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Free market solution to congestion on I-77

A popular TV commercial runs constantly these days for smartphone service. “It’s not complicated,” the ad says. “Faster is better.”

The same could be said for North Carolina’s plans to widen Interstate 77 by adding toll lanes in each direction between Charlotte and Mooresville. Faster is better when it comes to commuting. And faster is better when it comes to widening I-77.

Only a person learning a foreign language on CDs could find value in the stop-and-go commute up and down I-77 each day. Doing nothing is a bad option.

Nobody likes to pay tolls, and several dozen Lake Norman residents vocally object to the plan. North Carolina’s Department of Transportation, though, says it would be 25 years or so before I-77 would be widened with traditional funding sources. By adding toll lanes, construction could start next year.

Ideally, the state would add general use lanes, and soon. But North Carolina’s transportation needs demand billions more than the state will have in coming years. Toll lanes are a superior answer to sitting idle while the region’s growth clogs the interstate more each year.

Another essential fact that makes the toll lanes worth doing: People who use the regular lanes now for free can continue to do so. Nothing would change for them.

The toll lanes just offer drivers a choice. Those who want to go faster would have a way to do that. This free-market solution, supported by the Republican legislators who represent much of the area, is preferable to higher taxes. And every driver who opts for the toll lanes is out of the other lanes. If congestion doesn’t improve, it would at least not get worse so quickly.

Many states increasingly struggle with the same problem: Transportation needs that far outstrip money to pay for them. Jim Trogdon, chief operating officer for the N.C. Department of Transportation, says the state’s interstates will need $28 billion for expansions in the next 20 years or so. At the same time, the gas tax brings in far less than needed, despite being among the 10 highest in the nation.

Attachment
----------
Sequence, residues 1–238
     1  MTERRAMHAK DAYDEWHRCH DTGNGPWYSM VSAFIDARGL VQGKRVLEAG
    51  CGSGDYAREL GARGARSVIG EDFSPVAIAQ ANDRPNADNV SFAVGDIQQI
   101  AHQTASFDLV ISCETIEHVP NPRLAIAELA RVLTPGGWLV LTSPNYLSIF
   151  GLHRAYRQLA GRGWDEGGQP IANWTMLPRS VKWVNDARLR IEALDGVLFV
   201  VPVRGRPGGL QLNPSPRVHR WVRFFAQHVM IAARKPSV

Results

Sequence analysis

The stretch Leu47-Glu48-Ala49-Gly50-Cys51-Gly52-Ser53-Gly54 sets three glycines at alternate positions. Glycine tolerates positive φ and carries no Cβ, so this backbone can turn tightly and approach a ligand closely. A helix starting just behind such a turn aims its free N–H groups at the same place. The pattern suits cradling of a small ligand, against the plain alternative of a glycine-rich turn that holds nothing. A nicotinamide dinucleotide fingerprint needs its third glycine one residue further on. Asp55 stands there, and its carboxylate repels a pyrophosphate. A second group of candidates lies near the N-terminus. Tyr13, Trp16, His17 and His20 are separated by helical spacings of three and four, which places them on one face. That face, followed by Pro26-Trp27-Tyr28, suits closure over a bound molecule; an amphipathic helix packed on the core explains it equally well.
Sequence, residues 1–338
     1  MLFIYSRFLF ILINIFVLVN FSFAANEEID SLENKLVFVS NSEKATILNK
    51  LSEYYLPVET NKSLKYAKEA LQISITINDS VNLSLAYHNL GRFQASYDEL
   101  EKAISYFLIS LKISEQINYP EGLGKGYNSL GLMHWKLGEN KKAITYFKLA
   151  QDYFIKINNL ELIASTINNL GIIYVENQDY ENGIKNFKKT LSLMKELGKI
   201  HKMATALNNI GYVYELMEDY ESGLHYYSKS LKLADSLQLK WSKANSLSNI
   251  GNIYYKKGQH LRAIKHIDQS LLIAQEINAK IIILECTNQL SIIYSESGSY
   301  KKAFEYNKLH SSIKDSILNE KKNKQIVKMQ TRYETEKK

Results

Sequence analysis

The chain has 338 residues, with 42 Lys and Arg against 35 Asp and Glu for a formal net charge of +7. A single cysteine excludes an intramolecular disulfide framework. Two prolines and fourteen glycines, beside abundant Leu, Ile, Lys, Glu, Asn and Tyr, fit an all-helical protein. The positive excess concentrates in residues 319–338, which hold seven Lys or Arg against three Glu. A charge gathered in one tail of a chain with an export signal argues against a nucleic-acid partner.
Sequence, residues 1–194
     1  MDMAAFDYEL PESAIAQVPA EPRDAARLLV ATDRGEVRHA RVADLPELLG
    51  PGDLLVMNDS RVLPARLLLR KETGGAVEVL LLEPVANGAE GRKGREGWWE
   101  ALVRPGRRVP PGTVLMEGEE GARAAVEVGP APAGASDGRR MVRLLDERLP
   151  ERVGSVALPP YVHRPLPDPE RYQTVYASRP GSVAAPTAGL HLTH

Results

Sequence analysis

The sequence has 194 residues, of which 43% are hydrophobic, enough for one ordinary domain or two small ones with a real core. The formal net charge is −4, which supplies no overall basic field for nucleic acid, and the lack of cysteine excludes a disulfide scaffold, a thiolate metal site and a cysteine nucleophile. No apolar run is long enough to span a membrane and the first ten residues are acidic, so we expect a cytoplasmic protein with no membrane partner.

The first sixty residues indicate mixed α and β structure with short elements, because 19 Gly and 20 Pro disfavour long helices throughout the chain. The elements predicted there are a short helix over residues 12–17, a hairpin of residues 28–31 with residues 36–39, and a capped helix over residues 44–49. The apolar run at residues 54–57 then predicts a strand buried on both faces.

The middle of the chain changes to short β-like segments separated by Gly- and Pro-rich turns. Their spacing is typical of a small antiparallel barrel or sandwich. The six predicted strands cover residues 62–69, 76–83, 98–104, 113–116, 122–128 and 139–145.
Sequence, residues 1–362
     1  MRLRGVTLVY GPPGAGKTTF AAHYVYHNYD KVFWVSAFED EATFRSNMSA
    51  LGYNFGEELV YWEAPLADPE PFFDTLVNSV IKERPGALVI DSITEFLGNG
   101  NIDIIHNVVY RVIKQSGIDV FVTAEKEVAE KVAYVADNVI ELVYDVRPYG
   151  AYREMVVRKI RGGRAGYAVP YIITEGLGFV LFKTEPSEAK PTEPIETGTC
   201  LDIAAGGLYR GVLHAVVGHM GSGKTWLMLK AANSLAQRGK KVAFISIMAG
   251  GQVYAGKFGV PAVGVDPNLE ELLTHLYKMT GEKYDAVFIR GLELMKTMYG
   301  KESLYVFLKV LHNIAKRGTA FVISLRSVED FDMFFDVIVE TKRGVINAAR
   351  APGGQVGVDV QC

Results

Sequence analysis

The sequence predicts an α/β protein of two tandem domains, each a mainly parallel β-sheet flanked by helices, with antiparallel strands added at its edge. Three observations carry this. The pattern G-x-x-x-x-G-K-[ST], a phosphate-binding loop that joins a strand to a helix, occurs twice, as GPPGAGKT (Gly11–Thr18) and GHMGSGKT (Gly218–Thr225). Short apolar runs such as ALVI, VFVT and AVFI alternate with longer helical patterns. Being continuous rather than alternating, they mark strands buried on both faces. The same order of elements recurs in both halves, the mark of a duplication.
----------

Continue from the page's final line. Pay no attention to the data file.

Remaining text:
Reliance on the gas tax will become an even bigger problem as high gas prices and fuel-efficient cars cut the amount of gas drivers buy. More creative financing will be needed, and tolls can be one solution – especially tolls like those proposed for I-77, which pay for new lanes while keeping existing general use lanes free.

Current users of the HOV lane, it should be noted, could be hurt by the proposal now being considered. Vehicles with two people can use the HOV lane now; under this plan, only cars with three or more people could avoid the toll on the fast lanes. That might push some of those cars into the general use lanes, adding to congestion there.

Tolls are not a new idea in North Carolina. In 2009, the 21st Century Transportation Committee, established by the legislature to study the state’s needs and ways to pay for them, recommended a toll on I-77 from the S.C. border all the way to Statesville.

In the end, even new toll lanes are a Band-Aid solution. As this region grows, that growth needs to be managed in a smarter way that encourages shorter, and quicker, commutes.

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